- Sudden mood swings.
- Changes in normal behavior.
- Lack of hygiene and grooming.
- Withdrawal from friends and family.
- Loss of interest in normal social activities and hobbies.
- Changes in sleeping patterns.
- Bloodshot or glassy eyes.
- Constant sniffles or runny nose.
Each drug will have its own set of specific symptoms, but these are usually found in most drug abusers. For example:
- People who abuse methamphetamines may seem high strung or wired.
- Cocaine abusers usually exhibit a loss of appetite.
- Those who abuse tranquilizers or barbiturates may be lethargic and disoriented.
To get more information about a particular drug, you can search for drug articles online or reach out to your physician or counselor for more drug info and assistance. If you think you recognize any drug abuse symptoms in a friend or loved one, however, it may be time to intervene. Treatment does not have to be voluntary to be effective. Our treatment counselors can give you the information you need to get started. Contact us today at 1-888-744-0069.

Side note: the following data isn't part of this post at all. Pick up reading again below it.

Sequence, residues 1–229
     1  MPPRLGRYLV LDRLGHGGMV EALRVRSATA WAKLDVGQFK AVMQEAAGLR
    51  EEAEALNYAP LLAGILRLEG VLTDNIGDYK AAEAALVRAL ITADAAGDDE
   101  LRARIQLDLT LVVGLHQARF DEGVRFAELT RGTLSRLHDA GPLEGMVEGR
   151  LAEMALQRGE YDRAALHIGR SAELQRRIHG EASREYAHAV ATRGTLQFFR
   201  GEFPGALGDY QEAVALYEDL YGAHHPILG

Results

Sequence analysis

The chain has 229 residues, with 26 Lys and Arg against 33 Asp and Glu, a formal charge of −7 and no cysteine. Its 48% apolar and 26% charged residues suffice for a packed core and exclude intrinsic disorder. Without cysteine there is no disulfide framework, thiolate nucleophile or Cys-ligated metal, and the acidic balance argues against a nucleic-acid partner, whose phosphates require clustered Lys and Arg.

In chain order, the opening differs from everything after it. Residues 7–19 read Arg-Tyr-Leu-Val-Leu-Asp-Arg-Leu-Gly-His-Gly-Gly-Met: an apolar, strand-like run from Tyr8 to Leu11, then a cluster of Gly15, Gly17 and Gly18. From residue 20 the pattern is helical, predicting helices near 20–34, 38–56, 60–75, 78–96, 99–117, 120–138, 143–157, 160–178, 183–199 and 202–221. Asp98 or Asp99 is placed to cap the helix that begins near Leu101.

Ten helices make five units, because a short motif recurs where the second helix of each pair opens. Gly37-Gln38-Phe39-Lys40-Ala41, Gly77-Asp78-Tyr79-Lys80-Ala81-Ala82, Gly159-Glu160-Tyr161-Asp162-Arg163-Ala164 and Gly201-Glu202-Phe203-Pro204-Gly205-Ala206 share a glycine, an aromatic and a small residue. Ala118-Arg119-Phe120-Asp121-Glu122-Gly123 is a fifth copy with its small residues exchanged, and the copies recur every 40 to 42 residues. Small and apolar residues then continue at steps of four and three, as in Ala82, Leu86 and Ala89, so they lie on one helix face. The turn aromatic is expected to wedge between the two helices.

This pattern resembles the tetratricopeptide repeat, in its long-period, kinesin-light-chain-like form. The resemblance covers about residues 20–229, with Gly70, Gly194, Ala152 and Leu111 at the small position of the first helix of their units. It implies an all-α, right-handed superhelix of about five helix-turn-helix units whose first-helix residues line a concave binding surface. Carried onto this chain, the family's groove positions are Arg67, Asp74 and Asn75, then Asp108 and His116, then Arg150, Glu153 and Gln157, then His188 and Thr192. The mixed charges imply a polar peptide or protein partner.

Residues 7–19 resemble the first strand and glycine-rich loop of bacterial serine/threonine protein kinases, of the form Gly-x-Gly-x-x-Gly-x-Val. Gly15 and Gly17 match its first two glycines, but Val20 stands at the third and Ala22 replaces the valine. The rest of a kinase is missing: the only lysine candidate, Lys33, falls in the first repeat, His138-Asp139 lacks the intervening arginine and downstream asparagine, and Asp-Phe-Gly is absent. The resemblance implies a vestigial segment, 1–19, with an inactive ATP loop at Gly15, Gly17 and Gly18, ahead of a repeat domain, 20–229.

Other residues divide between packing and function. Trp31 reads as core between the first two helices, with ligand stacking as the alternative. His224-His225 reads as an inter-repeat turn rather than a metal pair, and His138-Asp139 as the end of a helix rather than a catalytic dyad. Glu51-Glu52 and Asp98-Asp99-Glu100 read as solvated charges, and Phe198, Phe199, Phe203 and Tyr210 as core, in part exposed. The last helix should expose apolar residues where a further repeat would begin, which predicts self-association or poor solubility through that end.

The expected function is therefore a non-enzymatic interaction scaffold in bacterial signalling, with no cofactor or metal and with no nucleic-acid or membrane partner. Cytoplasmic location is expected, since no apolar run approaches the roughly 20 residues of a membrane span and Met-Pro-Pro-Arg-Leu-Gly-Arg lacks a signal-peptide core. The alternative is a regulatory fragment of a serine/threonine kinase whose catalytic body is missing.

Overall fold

Associated Risks of Drug Abuse
- Those abusing stimulants like cocaine or amphetamines may experience fatigue, depression, and lethargy as they come down from their highs.
- Individuals who abuse opiate drugs, such as heroin or prescription painkillers, may experience intestinal issues, muscle aches, and nervousness, per WebMD.
Perhaps the most serious risk of drug abuse is the potential to overdose.
In 2009, there were 4.6 million emergency room visits related to drug use, per the National Institute on Drug Abuse. While some of these visits were due to unfavorable reactions to drugs, roughly 45% of the visits involved drug abuse. The majority of the visits were due to the nonmedical use of prescription and over-the-counter drugs, including stimulants, opiates, and dietary supplements. Of illegal drugs that led to emergency room visits, cocaine was the most commonly abused, followed by heroin and stimulants.
If you suspect that someone has overdosed, call 911 immediately. Prompt medical attention can often save a life and limit the serious damage done; however, the best way to prevent an overdose is to get help. If drug abuse is an issue, it’s only a matter of time before addiction takes hold. It’s important to get help before an overdose or substantial long-term damage occurs. Learn more at our article, Taking Action: How to Intervene During an Overdose.
Treatment Program Options